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The "List Review" Lesson is part of the full, Python Fundamentals course featured in this preview video. Here's what you'd learn in this lesson:

Nina reviews the methods learned in the previous sections.


Transcript from the "List Review" Lesson

>> Nina Zakharenko: Going back to our little cheat sheet here, lists, part one. You use lists for storing similar items, generally, in cases where items need to be added or removed. You can create them with square brackets, or by calling the list type. To search for items in the list, you call my_list.index with the item that you're searching for.

Or you can ask, is this item in my list, with the in keyword. The search speed is slow, right, for a large list, every item has to be checked. So if the value that you're looking for is all the way at the end, you have to check all of those values.

Some common methods on list are calling len, on the list to find out the length, calling append with an item, to add an item. Using insert, with an index and an item to insert in the middle of a list, based on the index. And using pop(), with or without the optional argument, to remove items.

Is the order of a list preserved, yes, right, and we know that because we can access the items in the list by index. We'll talk about mutability later, but mutability is, can the contents of this item be changed after it is declared? Is the list mutable, yes, is it possible to sort it in place, yep, we can call my_list.sort() or my_list.reverse(), okay?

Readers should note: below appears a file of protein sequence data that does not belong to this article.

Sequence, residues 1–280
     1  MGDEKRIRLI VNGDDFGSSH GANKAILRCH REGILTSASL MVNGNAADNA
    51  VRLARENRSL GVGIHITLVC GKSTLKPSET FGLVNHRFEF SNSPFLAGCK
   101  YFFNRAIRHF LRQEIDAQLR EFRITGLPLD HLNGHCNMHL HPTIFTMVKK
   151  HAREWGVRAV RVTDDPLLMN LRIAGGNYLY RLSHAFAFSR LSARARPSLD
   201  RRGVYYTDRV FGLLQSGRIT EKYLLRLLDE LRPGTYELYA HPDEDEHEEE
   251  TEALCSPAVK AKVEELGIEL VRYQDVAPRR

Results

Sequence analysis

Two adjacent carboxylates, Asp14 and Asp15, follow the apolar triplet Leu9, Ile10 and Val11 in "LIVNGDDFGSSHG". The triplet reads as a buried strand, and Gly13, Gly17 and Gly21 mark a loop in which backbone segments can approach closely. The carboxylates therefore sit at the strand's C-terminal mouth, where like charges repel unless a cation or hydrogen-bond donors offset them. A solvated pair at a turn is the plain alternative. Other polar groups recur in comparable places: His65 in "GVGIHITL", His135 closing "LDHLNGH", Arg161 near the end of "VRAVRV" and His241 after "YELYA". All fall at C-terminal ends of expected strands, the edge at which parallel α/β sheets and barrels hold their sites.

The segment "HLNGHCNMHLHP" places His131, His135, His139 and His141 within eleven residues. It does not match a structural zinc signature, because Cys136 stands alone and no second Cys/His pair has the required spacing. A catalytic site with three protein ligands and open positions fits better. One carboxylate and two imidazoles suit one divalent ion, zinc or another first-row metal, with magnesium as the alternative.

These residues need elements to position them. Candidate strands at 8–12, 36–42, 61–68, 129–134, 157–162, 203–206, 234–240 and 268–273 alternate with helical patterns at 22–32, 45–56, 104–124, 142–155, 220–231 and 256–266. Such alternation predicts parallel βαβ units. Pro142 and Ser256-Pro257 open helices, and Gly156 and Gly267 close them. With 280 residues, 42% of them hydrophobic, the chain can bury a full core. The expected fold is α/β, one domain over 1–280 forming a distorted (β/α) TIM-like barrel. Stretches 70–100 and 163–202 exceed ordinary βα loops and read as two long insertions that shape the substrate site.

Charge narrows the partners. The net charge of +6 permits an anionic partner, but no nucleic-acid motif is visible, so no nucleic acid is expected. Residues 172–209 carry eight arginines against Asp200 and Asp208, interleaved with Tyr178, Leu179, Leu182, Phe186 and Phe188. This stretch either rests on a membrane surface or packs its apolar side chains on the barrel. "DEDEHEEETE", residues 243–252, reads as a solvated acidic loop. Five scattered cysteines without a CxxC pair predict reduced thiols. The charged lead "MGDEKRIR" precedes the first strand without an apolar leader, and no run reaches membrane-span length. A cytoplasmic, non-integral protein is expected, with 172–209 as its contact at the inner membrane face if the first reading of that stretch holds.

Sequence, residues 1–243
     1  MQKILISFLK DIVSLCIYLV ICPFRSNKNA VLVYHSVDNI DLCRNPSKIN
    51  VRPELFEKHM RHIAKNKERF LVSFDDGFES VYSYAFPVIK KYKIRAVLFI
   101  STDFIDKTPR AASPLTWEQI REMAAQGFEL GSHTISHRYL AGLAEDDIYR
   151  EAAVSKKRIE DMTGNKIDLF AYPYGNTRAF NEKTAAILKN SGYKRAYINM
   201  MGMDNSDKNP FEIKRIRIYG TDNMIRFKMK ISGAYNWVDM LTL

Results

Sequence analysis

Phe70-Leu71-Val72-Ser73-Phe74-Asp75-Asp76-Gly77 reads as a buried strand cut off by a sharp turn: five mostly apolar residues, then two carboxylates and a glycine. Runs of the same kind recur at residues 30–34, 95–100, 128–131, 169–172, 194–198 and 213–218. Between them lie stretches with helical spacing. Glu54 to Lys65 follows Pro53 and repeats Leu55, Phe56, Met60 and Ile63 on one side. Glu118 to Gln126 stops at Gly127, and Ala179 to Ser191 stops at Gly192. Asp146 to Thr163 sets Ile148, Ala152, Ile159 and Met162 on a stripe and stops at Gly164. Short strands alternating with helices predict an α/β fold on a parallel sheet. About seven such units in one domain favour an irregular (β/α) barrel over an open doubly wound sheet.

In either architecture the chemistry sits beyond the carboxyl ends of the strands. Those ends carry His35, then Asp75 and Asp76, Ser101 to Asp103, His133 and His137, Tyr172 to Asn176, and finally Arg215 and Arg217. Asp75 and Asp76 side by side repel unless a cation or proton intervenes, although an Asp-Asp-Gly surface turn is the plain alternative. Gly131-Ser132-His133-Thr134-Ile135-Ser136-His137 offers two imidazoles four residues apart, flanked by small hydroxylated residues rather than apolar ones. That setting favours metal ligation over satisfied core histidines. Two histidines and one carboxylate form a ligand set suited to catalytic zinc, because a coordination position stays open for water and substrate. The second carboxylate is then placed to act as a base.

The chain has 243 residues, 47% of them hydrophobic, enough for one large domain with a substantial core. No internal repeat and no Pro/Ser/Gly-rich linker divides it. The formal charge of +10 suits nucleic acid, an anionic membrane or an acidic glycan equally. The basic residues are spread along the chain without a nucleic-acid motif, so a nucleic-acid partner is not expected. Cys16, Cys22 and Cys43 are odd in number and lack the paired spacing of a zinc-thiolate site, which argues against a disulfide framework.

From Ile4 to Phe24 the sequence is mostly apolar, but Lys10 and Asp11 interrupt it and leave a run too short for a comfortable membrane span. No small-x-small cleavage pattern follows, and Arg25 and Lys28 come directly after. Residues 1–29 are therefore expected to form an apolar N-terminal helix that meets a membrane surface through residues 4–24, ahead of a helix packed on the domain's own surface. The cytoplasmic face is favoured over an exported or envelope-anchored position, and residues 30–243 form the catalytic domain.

I know, it's a lot to think about, right, all-new data structure, can contain other data structures. The thing about lists is, they can contain any types, right? They can contain strings, numbers, they can also contain other advanced container types, right? You can easily have a list of lists, how to access that is a little bit out of scope for this class.

But if you decide you haven't had enough Python today, and you want some homework after class, it's a fun thing to figure out.
>> Student: But the rule is, in the list, all the members have to be the same.
>> Nina Zakharenko: No, nope.
>> Student: They don't, I thought that was a, okay.

>> Nina Zakharenko: They tend to be similar items, just kind of in practice, right, just how you would use them, but that's a very good question. Okay, so someone asked, do items in the list have to be the same type, and the answer is no. So if I assign this wacky list that I made to a variable, what is the value at position 0?

>> Class: 1.
>> Nina Zakharenko: 1, and at position 2, Nina, yeah. So totally valid in Python, just generally not something you'd see, more out of convention than possibility, if that makes sense.
>> Student2: And the list knows the type, right? So the True's a Boolean, the None's a None type, cuz it's not a string, cuz there's no quotes around it.

>> Nina Zakharenko: Right, that's a complicated question, and kind of out of the scope of this class. But yeah, the list knows the variables that has in them, right, or rather the values of the variables, right?

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